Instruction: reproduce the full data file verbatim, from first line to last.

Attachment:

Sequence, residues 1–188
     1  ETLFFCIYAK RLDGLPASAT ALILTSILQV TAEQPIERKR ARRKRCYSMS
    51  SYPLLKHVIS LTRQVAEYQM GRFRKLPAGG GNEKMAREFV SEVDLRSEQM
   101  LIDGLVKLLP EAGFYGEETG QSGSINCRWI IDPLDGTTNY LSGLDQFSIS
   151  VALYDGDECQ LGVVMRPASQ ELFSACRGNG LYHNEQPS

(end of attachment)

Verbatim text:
Sequence, residues 1–188
     1  ETLFFCIYAK RLDGLPASAT ALILTSILQV TAEQPIERKR ARRKRCYSMS
    51  SYPLLKHVIS LTRQVAEYQM GRFRKLPAGG GNEKMAREFV SEVDLRSEQM
   101  LIDGLVKLLP EAGFYGEETG QSGSINCRWI IDPLDGTTNY LSGLDQFSIS
   151  VALYDGDECQ LGVVMRPASQ ELFSACRGNG LYHNEQPS